Why is the president doing it this time, could be a lot of reasons. I think it is a mention frustration over not getting a border wall funding, this is a midterm election year in Congress and he is hoping to exercise his base and get them to turn out supportive Republicans in the election on a show of force, you know, that any number of things, but immigration -- immigration and border has been his campaign promise. It has been part and parcel of his presidency since his inauguration, and it is very important to him.

CHURCH: Theresa Cardinal Brown, thank you so much for joining us. We appreciate it.

BROWN: You're welcome.

CHURCH: Meanwhile, a caravan of migrants is traveling from Mexico toward the U.S. border. Some had arrived in the central city of Puebla. There were reports that journey had ended by the CNN's Leyla Santiago shows us they are still working their way north.


LEYLA SANTIAGO, CNN CORRESPONDENT: While President Trump and even the Mexican government has said, that a large group of people marching north aim at Mexico has been dispersed or disbanded. The organizers and the participants in south are telling us they will continue north. Here is the proof, here they are. These are some of the participants. They tell me they are from Central America, Guatemala, Salvador as wells as Honduras. Many of them coming from Honduras telling us that they are fleeing of virus, political corruption as wells as poverty. Trying to make their way north.

Now the majority of these people tell us that they are going to continue to the U.S.-Mexico border in an attempt to get to the U.S. and it doesn't matter what President Trump says, of if President Trump sends the National Guard to the U.S.-Mexico border. They will find a way to get north. Now, the organizers tell us that many of them will ask -- will seek asylum at the U.S.-Mexico border, but Mexico has actually offered some people on humanitarian grounds to have permissions to stay in this country.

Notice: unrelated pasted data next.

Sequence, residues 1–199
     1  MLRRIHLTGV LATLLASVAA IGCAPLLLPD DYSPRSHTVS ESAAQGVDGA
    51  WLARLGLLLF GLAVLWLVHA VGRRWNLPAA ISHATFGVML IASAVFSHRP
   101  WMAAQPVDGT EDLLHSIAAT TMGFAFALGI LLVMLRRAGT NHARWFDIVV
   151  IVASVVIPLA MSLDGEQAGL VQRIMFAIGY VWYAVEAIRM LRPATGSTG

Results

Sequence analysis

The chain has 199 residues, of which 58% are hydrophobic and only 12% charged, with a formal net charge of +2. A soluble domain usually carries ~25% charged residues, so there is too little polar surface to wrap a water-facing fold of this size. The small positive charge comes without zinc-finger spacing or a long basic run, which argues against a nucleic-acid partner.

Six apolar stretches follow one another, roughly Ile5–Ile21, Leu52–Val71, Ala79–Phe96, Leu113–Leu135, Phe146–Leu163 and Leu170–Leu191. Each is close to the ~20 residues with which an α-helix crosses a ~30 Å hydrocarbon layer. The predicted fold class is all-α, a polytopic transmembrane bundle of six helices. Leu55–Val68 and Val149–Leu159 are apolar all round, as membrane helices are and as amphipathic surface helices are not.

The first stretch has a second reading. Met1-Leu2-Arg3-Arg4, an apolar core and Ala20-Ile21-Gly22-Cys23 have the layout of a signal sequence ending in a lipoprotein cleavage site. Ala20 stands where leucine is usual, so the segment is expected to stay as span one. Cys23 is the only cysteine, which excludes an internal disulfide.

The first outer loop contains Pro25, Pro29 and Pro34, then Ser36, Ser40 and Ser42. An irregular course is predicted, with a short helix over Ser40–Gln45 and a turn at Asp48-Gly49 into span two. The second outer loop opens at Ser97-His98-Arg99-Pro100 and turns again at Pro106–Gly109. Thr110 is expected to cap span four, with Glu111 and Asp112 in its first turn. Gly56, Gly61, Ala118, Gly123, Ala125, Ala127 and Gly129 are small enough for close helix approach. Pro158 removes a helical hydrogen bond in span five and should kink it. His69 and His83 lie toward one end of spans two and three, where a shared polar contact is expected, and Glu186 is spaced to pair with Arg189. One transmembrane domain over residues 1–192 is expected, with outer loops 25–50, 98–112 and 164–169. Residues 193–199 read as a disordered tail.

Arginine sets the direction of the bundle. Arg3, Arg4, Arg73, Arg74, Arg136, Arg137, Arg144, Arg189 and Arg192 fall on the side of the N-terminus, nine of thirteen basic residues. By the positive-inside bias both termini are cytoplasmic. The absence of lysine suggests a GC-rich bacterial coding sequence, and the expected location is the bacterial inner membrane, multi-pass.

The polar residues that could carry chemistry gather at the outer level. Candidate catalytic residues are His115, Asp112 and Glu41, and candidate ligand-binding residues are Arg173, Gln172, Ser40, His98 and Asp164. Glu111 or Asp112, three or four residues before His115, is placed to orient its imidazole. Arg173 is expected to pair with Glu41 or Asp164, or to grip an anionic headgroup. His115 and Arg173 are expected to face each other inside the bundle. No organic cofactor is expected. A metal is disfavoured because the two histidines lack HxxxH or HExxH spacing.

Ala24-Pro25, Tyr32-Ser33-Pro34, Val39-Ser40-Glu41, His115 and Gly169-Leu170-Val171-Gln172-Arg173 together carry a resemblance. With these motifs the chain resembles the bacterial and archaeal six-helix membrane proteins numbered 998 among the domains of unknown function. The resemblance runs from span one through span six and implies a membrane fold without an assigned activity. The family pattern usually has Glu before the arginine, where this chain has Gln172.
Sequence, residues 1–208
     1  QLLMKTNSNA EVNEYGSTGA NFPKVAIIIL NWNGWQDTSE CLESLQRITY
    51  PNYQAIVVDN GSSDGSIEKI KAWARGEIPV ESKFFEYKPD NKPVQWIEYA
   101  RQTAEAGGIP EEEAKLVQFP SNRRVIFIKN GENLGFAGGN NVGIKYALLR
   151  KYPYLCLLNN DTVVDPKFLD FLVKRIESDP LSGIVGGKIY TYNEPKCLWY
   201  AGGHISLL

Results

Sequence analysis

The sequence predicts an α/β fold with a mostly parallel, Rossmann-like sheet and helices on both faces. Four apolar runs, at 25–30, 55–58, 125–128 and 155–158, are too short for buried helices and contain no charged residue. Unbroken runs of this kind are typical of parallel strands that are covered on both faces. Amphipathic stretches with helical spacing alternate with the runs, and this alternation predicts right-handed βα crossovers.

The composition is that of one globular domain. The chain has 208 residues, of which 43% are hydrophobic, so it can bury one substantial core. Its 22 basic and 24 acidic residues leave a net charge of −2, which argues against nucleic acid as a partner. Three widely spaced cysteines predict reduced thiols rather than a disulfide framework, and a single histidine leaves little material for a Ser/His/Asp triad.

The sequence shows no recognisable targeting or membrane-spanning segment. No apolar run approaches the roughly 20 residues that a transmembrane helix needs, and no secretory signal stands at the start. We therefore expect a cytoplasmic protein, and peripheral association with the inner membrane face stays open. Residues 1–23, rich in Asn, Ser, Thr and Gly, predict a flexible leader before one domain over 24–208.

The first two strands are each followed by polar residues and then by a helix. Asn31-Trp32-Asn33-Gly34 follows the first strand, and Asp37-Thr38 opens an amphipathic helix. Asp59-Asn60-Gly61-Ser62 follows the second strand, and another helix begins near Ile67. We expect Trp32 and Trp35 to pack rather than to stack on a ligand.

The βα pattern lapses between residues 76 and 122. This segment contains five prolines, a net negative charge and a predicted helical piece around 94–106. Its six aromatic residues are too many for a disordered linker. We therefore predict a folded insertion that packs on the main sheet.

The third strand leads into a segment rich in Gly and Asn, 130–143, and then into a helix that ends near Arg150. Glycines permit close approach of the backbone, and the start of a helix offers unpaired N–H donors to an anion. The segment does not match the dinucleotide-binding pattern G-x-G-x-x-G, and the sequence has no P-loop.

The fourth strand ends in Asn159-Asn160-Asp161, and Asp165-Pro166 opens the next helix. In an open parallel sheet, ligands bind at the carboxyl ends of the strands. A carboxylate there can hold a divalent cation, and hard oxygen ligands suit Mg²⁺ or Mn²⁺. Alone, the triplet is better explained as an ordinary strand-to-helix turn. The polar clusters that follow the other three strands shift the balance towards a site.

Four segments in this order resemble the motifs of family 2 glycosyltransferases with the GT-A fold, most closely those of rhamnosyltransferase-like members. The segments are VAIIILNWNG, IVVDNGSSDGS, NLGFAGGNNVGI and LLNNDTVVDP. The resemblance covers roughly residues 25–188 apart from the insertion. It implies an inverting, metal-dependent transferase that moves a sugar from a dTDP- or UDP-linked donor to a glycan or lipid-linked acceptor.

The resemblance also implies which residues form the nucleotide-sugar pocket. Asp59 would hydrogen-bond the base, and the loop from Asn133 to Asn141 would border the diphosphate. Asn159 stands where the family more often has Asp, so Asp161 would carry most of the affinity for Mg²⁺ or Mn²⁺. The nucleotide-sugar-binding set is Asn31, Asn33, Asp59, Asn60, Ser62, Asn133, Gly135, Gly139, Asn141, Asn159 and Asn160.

Some of the participants of this march, are choosing that option and will be staying in Mexico, but the organizers of this march, they will continue north, that the march continues, despite what government officials may say. Leyla Santiago, CNN, Puebla, Mexico.


[03:40:15] CHURCH: And getting tough on immigration is just one of the many ways Donald Trump has been playing to his base of voters in recent days, but some of the moves could end up backfiring. And CNN's Randi Kaye reports.


DONALD TRUMP, PRESIDENT OF THE UNITED STATES: -- retailers all over the United States are throwing out --

RANDI KAYE, CNN CORRESPONDENT: It's the president is trying to impress his base. Comments like that may do the trick. No doubt Trump has a personal beef with Amazon founder Jeff Bezos, who also owns the Washington Post, but Trump had been going after Amazon is also defending "Brick and Mortar" retailers, which he says are getting sweet.

TRUMP: If you look at some of these small-town with a beautiful Main Street the stores -- the stores are all gone.

KAYE: Those retailers in many cases "Mom and Pop" shops, part of what Donald Trump sees as his base. His effort to keep his supporters in Middle America and elsewhere happy, may explain some of his recent rhetoric about tariffs too, sounding more like he did during the campaign.

TRUMP: China is upset, because of the way Donald Trump is talking about trade with China. They are ripping us folks, it's time.

KAYE: Trump's move to slapped tariffs on China, with a nod to his base, but less than 24 hours after the White House unveiled a list of Chinese imports. They plan to target for unfair trade practices, China slapped his own tariffs on the United States, targeting agricultural exports from U.S. farm belt states like soybeans, corn, wheat, and beef. Now the farmers who largely supported Trump could get hurt. Still Trump's top economic advisor hinted that in the end, there may be no tariffs at all.

LARRY KUDLOW, DIRECTOR, U.S. NATIONAL ECONOMIC COUNCIL: I doubt if there be any concrete actions for several months. We will see how that plays out. Nothing concrete is actually happened. These are proposals.

KAYE: And what about immigration, after a tough talking campaign in deciding and the DACA program last year, the president started to sound as if he were willing across the aisle on immigration issues, In January even calling for a bipartisan quote, "Bill of love," to protect dreamers, the hundreds of thousands of young people brought here illegally, but now once again it is taking a heart of stance.

The president on a care about weak laws and porous borders, stoking fears for the upcoming midterms like he did during the campaign. In a tweet on Sunday the president announced no more DACA deal.